The board plans to discuss the week’s mishaps during an 10 a.m. virtual meeting Thursday.

The causes range from poll workers not showing up, to issues using new voting machines being used for the first time. But all of the problems were either created or worsened by two things: a backlog of absentee ballots that forced voters to the polls, and voting machines that didn’t work properly because of staff errors or late deliveries.

MORE | Voting machines and coronavirus force long lines on Georgia voters

That was the assessment of Fulton Commissioner Bob Ellis, who said his first inkling of trouble Tuesday came at 7:15 a.m., when a friend messaged him about problems at a Milton precinct. Ellis saw dozens more complaints when he logged on to social media.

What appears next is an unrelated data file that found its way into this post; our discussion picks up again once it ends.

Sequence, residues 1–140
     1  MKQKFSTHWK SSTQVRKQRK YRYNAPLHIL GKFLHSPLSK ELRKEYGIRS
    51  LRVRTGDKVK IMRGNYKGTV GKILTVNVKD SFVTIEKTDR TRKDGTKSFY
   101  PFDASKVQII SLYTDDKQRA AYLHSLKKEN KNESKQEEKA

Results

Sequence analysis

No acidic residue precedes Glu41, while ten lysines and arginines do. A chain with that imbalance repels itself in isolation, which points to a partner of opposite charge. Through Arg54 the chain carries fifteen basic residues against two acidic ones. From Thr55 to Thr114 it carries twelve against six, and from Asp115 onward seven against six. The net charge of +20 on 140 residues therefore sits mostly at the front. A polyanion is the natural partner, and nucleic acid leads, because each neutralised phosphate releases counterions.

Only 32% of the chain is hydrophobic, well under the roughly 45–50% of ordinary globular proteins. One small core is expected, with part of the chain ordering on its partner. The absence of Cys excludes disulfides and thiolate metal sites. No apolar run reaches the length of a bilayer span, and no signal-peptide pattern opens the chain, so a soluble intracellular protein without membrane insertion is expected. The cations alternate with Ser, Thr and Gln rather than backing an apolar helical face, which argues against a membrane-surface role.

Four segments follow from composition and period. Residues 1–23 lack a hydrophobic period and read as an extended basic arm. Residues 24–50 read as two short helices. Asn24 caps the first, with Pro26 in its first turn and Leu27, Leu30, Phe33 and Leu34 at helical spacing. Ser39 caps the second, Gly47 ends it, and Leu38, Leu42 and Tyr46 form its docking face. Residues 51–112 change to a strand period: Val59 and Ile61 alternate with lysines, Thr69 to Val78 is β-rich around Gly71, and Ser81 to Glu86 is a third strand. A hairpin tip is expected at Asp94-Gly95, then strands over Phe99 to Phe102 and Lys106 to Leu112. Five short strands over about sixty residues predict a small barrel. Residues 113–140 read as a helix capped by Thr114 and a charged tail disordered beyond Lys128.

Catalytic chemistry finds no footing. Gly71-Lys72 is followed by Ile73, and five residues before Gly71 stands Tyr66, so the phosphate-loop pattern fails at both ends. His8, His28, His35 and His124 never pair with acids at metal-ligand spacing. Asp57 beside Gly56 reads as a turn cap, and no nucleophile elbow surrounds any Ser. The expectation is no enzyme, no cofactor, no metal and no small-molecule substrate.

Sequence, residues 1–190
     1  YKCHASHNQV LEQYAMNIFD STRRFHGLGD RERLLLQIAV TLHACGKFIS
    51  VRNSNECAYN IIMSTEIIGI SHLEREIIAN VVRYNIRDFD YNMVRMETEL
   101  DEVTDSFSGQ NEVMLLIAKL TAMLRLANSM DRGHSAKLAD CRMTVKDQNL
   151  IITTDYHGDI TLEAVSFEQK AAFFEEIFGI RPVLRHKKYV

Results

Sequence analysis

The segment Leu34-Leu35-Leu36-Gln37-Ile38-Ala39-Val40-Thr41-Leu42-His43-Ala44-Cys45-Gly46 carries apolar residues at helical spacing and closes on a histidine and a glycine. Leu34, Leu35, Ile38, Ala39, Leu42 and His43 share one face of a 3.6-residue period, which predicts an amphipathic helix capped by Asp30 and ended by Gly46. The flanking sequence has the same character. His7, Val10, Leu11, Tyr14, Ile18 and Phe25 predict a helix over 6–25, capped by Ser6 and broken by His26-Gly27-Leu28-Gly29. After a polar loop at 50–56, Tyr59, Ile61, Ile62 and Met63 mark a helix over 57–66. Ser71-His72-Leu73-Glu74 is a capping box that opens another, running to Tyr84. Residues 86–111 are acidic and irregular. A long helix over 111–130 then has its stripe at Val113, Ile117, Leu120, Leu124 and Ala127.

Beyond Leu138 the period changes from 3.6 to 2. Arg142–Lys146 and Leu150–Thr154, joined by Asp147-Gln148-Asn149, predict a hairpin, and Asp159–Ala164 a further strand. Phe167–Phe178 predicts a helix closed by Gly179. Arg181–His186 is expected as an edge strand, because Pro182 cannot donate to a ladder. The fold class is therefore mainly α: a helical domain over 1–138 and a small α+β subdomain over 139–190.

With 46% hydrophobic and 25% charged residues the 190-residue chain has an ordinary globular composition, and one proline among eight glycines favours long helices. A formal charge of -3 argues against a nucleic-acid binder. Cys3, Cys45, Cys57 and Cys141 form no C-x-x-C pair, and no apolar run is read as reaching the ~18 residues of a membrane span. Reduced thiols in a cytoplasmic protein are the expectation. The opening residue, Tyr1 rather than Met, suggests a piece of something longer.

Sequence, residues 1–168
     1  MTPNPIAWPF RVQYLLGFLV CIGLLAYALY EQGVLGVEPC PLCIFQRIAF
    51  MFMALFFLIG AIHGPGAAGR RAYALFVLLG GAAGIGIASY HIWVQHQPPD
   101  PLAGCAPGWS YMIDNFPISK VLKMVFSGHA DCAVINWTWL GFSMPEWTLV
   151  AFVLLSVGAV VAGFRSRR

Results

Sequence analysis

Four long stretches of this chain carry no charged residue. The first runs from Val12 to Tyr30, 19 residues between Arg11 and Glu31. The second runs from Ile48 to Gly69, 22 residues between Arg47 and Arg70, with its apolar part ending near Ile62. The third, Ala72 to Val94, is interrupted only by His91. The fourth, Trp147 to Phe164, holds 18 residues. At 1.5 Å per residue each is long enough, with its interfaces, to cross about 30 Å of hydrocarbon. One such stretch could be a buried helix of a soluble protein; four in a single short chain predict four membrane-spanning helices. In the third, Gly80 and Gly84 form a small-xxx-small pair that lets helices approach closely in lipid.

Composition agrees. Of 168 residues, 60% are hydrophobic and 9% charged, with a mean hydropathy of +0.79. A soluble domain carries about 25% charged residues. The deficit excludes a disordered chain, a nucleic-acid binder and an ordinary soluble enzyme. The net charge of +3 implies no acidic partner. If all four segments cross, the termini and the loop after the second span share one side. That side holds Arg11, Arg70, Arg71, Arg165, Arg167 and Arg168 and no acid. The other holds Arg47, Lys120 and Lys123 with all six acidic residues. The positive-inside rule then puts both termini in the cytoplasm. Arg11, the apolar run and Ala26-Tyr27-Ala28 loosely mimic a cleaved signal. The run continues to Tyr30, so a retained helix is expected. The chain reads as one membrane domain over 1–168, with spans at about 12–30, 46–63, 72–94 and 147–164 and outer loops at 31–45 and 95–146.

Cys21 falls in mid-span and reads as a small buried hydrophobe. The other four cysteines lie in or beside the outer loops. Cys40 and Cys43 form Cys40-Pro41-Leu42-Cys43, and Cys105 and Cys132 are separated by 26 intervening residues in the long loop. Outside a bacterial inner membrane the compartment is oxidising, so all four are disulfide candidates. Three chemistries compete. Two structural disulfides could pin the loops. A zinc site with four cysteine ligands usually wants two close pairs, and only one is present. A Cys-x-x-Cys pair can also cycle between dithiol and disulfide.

“There are both Democrats and Republicans who are not happy with the way anything went down yesterday,” said Ellis, who like Morris is a Republican.

Problems around the state caused judges to keep the polls open longer Tuesday, but Fulton was the epicenter.

“If there’s going to be a problem anywhere in the system, it’s going to show up in your largest county,” Ellis said.

READ | Georgia's election problems blasted as November vote looms

The problems came quick in Fulton, mostly because many poll workers had never had their hands on the equipment before.

Georgia awarded Dominion Voting Systems$104 million contract last summer to provide more than 75,000 new computers and printers. The 18-year-old electronic machines in Fulton lacked a paper ballot and were being replaced with a patchwork of touchscreens, printed ballots and scanners.